In the sintered alloy of the present invention, it is preferable that 0.5 mass % or less of silicon (Si) may be added. The silicon can enhance the critical cooling rate and thus quenching property. Namely, the silicon contributes to the enhancement of the quenching property of the sintered Since the silicon is fast in the diffusion velocity into the iron base material, if the silicon is alloyed with the Fe--Mn alloy powder to form the Fe--Mn--Si alloy powder, the manganese is likely to be diffused into the Fe--Mo alloy with the diffusion of the silicon. However, if the content of the silicon is set within a range of more than 0.5 mass, the improvement in quenching is too enhanced so that excess martensite may be formed. In this manner, the amount of the silicon should be set within a range of 0.5 mass % or less.

When the silicon is solid-solved in the iron base material, the hardness of the iron base material is developed. Therefore, when the silicon is added in the form of the Fe--Mn--Si alloy powder, if the content of the silicon in the Fe--Mn--Si alloy powder is set within a range of more than 30 mass %, the hardness of the Fe--Mn--Si alloy powder is increased so as to deteriorate, the compressibility thereof. In this manner, it is preferable that the content of the silicon in the Fe--Mn--Si alloy powder is set within a range of 30 mass % or less.

EXAMPLES

Example 1

Fe--Mo alloy powder having an average diameter (D.sub.50) of 88 .mu.m under a sieve with 100 mesh and consisting of, in percentage by mass, Mo: 0.55 and the balance of Fe plus unavoidable impurities, Fe--Mn alloy powder having an average diameter (D.sub.50) of 16 .mu.m under a sieve with 200 mesh and consisting of, in percentage by mass, Mn: 60 and the balance of Fe plus unavoidable impurities, Fe--Mn (Fe--Mn--Si) alloy powder having an average diameter (D.sub.50) of 21 .mu.m under a sieve with 200 mesh and consisting of, in percentage by mass, Mn: 60, Si: 16.5 and the balance of Fe plus unavoidable impurities, copper powder under a sieve with 200 mesh, and graphite powder under a sieve with 325 mesh were prepared.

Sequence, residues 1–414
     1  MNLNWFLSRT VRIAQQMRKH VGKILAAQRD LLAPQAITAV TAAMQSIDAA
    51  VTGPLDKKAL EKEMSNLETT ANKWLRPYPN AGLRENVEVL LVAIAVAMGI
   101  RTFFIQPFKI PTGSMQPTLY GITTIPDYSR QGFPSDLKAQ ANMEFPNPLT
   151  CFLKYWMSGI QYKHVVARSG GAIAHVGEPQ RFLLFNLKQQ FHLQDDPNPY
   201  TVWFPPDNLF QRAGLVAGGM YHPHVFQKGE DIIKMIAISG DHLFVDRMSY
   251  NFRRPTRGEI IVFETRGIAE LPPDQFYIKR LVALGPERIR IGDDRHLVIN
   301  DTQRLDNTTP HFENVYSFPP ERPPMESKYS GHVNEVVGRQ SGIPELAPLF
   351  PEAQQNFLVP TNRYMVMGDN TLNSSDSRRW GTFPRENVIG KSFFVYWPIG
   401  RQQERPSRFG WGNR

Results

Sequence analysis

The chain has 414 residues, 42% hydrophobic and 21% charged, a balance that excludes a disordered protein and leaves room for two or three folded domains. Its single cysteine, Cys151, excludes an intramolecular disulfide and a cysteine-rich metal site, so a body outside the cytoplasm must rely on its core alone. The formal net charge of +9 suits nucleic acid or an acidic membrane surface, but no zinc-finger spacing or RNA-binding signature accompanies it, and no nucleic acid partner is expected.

Then, 1 mass % of the copper powder and 0.6 mass % of the graphite powder were added to the Fe--Mo alloy powder while the ratio of the Fe--Mn alloy powder was changed as shown in Table 1 to blend the raw powder materials. The raw powder materials were compressed at a compressing pressure of 600 MPa in the shape of square pillar with a length of 10 mm, a width of 60 mm and a height of 10 mm, and then sintered at a temperature of 1160.degree. C. under a mixed gas atmosphere of nitrogen and hydrogen, and then cooled down within a temperature range of 900 to 200.degree. C. at an average cooling rate of 30.degree. C./minute to form sintered samples indicated by numbers of 01 to 22. The composition in each of the sintered samples was listed in Table 2.

The square pillar shaped samples were mechanically machined in the form of tension test so as to measure the respective tensile strengths. Then, some of the square pillar shaped samples were supplied for unnotched Charpy impact test and thus measured in the respective unnotched Charpy impact values. The cross sections of the sintered samples were observed by a microscope of 500 magnifications and analyzed in image by an image processor (WinROOF, made by MITANI CORPORATION) so as to measure the ratio of the martensite phase and the bainite phase relative to the total area of the base material except pore. The measured results were listed in Table 3. In Table 3, the martensite phase is indicated as "Mt Phase" and the bainite phase is indicated as "B phase". Note that the sintered samples having the tensile strength of 700 MPa or more and Charpy impact value of 17 J/cm.sup.2 or more pass the aforementioned tests.